Alignment of Teacher and Student Perceptions on the Continued Use of Business Simulation Games

Article excerpt

Introduction

Most computer games emphasize commercial benefits or leisure interests, while only a small percentage of these simulation games are applicable to the business management curriculum in higher education (Virvou & Katsionis, 2008). However, over 95 percent of AACSB accredited business schools in the U.S.A. have incorporated business simulation games (BSGs) in their curricula, since over 200 games were available in the market in the 1980's (Wellington & Faria 1995). This high percentage of BSG usage in higher education has attracted academic research on BSG learning performance. Extent research on BSG has presented mixed results between learning performance and attitude (Vaidyanathan & Rochford, 1998) and thus the focus has shifted to other non-performance perspectives, such as students' motivational effects (Schwabe & Goth, 2005). Since designing a quality BSG may not be easy and cost-effective, Amory (2007) proposed a theoretical framework, the Goal Object Model (GOM) II, with comprehensive perspectives of game, visualization, elements, problems, and social spaces for educational game development, which can also serve as a mechanism to evaluate the use of computer games in the classroom. In contrast, Prensky (2008) and Lim (2008) summarized an alternative approach of how student users can act as designers to develop useful games to support learning.

In theory, as an educational technology, a BSG must attain certain learning values, provided that its applicable scope is identified. Evident examples range from a general learning platform for facilitating e-learning (Tao, 2008) to a student response system for increasing classroom interactions (Kay & LeSage, 2009), or to speech-to-text recognition (STR) technology for assisting non-native speakers and learners with hearing impairment and learning difficulties (Wald, 2004). Despite the potential benefits of educational technologies, issues on its adoption among teachers and students hinder its spread in actual practice. As implied in GOM II by Amory (2007), the root causes may be that BSGs are extremely expensive and time-consuming to develop or low cost-effectiveness for highly customized needs, which transmit to adoption issues when they are finally available in the market. Among many studies of users' attitude toward BSG, only one study focuses on students' continuance usage in higher education (Tao, Cheng, & Sun, 2009). However, it merely presents students' perceptions on the continued use of BSGs without considering teachers' confirmation.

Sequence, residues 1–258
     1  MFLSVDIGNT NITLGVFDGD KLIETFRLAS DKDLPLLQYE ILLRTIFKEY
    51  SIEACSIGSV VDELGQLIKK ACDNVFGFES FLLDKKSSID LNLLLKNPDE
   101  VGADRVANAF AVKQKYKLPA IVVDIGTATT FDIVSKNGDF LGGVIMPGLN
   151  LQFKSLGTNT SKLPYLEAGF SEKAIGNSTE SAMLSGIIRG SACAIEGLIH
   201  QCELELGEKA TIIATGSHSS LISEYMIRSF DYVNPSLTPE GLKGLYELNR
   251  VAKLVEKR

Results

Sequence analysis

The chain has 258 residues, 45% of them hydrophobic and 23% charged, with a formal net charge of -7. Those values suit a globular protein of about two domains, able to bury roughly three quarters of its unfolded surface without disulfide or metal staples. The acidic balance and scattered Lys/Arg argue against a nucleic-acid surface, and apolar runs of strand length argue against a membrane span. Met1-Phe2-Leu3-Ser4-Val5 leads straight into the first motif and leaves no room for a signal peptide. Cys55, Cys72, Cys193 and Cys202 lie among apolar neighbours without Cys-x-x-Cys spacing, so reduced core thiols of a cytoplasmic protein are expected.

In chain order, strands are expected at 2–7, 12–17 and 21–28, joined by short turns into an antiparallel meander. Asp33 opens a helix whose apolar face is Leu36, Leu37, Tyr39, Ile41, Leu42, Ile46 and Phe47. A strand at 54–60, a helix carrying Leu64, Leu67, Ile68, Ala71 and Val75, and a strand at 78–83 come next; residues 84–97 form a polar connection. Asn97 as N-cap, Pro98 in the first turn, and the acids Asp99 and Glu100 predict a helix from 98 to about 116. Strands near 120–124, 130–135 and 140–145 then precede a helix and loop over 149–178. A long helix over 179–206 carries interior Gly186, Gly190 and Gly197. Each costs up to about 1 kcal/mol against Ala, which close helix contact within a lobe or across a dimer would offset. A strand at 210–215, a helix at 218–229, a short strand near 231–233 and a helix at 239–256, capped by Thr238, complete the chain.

The importance of the teacher-student dynamic regarding the adoption of educational technology is evident in the literature. For instance, e-learning strategies suggested in a teacher study (Tao & Yeh, 2008) were further refined when the comparative study on students was supplemented (Tao, 2008). The study showed that stakeholder perceptions are important in presenting the overall perspective of issues concerning common interests in the teacher-student dynamic. Ideas surrounding digital natives and digital immigrants (Prensky, 2001) may represent the current profiles of students and teachers regarding the adoption of any educational technology. The digital disconnect shows the gap between Internet-savvy students and their teachers (Levin & Arafeh, 2002) such that "the gap between students' perception of technology and that of the faculty continues to widen" (The New Media Consortium and the EDUCAUSE Learning Initiative, 2008). This realization implies that students and teachers may have the same preferences for learning a new technology, but the context in which these preferences play out may vary.

Although Taiwan initiated BSGs as early as 1973 (Kung-Hwa Management Foundation, 2010), only in recent years have higher education institutes adopted BSGs for classroom activities and conducted national competitions in this area. The study on students' continued use of BSGs in Taiwan's higher education institutes (Tao et al. …

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